Tuesday, 6 January 2009

The Game of Liff: Things to Make and Do

In The Meaning of Liff, John Lloyd and the late Douglas Adams came up with the delightful idea of taking placenames and defining them as though they were ordinary lexical items. The fun of it is that the names and the definitions have to fit, to feel right. For example:

The marks left on your bottom or thighs after sunbathing on a wickerwork chair.

A margate is a particular kind of commissionaire who sees you every day and is on cheerful Christian-name terms with you, then one day refuses to let you in because you've forgotten your identify card.

The infinite smugness of one who knows they are entitled to a place in a nuclear bunker.

There's also the striking FARDUCKMANTON (n. archaic), or 'An ancient edict, mysteriously omitted from the Doomsday Book, requiring that the feeding of fowl on village ponds should be carried out equitably', and the delightful HARBOTTLE (n.), 'A particular kind of fly which lives inside double glazing.'

The definitions, available online here, are so brilliant because behind their authoritative, pastiche-dictionary tone, you can sense the drunken, studenty, 20-30 something lifestyle the authors were living at the time breaking through. Why else would they need words like AASLEAGH (n.), 'A liqueur made only for drinking at the end of a revoltingly long bottle party when all the drinkable drink has been drunk.' (Reader, I have drunk such. I can assure you that Chinese lychee liqueur is the aasleagh par excellance.) Ditto a HAGNABY (n.), that is, 'Someone who looked a lot more attractive in the disco than they do in your bed the next morning.'

Ranging from the wistful to the risqué via the cod-antiquarian, The Meaning of Liff is ideal reading for the lav. It also provides an excellently useful game for long car journeys, with extra marks available if you can forge a literary quotation showing how the word is used:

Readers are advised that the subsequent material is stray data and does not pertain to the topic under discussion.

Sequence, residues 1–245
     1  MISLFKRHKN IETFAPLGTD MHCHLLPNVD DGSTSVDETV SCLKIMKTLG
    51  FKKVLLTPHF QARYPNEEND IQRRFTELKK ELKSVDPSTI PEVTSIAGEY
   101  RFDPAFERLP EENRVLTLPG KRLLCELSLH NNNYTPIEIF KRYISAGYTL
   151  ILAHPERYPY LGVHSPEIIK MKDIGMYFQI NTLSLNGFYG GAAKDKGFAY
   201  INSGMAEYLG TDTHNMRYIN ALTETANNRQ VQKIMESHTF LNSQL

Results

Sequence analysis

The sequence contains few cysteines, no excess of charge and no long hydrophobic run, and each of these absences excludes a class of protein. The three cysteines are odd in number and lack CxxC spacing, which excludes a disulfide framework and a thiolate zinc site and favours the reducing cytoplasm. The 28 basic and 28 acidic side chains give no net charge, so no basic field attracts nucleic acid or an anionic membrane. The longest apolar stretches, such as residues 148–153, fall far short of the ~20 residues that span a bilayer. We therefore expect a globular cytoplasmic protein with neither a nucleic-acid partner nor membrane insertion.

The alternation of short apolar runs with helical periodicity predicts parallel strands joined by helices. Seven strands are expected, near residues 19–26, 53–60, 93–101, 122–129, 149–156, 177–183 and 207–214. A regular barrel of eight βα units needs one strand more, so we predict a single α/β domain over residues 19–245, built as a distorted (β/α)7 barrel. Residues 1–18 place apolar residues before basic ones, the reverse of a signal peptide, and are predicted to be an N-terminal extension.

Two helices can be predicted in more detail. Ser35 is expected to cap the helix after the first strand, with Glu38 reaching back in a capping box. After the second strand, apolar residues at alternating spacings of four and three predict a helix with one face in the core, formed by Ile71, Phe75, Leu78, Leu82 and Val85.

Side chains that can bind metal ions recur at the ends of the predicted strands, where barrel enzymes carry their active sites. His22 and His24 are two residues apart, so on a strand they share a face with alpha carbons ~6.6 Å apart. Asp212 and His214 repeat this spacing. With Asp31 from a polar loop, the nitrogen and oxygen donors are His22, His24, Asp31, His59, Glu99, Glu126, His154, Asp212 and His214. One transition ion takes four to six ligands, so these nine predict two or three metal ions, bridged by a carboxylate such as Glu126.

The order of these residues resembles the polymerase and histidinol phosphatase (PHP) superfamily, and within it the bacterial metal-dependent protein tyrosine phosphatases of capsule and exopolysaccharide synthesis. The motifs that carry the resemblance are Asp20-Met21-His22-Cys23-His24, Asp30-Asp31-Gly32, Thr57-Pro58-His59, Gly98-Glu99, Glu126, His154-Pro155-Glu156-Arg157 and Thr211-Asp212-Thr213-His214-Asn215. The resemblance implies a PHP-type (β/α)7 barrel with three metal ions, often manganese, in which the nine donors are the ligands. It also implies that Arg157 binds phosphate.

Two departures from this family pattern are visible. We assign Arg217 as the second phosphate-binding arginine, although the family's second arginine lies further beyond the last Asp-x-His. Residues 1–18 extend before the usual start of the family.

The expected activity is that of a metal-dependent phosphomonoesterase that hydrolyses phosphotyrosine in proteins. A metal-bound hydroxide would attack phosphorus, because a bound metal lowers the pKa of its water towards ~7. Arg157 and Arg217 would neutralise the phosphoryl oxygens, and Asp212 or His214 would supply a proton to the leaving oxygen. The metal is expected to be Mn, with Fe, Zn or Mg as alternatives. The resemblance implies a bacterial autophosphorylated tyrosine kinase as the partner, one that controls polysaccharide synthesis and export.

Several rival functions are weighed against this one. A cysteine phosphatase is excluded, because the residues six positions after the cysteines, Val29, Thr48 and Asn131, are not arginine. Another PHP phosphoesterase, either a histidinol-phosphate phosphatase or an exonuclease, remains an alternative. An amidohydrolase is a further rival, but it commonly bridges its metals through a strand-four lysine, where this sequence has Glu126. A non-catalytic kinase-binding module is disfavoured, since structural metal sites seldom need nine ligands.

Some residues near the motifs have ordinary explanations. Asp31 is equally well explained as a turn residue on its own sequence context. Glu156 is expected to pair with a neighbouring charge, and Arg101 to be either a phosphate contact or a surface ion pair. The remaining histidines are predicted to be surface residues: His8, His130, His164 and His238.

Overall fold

Driver: 'Right, I've just seen a sign for the village of Idstone.'
You: 'Ahem. 'IDSTONE (n, medical): A crystalline body formed in the liver traditionally associated with persons of a choleric disposition. ''The Archdeacon is in one of his fiery rages again', said Mrs Willoughton. 'Bless me, but he will surely suffer from a recurrence of the idstones that did so torment him last Shrovetide, the poor soul!'' (Trollope, The Dean's Small Bequest)

So, here are some to try:

Stoke Ferry

Have a go!


tenthmedieval said...

Conques: an archaic game played in rural East Anglia in which the competitors propel irregular balls about a giant shove-ha'penny board with their noses. "Why th'American publick will ha' none of the ancient game of conques, I cannot fathom; few greater entertanements can have been brought hither from the Mother Country." H. Moreton Frant, Pastimes of European Countryfolk (Boston MA 1896), pp. 118-119.

Anonymous said...

Dan Dennett has a wonderful piece doing this with philosophers' names, e.g. HEIDEGGER an exceedingly strong boring instrument; MERLEAU-PONTY completely upside down and backwards. Rodger Cunningham

Bo said...

Brilliant! Thanks Rodger, that's hysterical. And Tenth - that is exactly perfect.

Related Posts Plugin for WordPress, Blogger...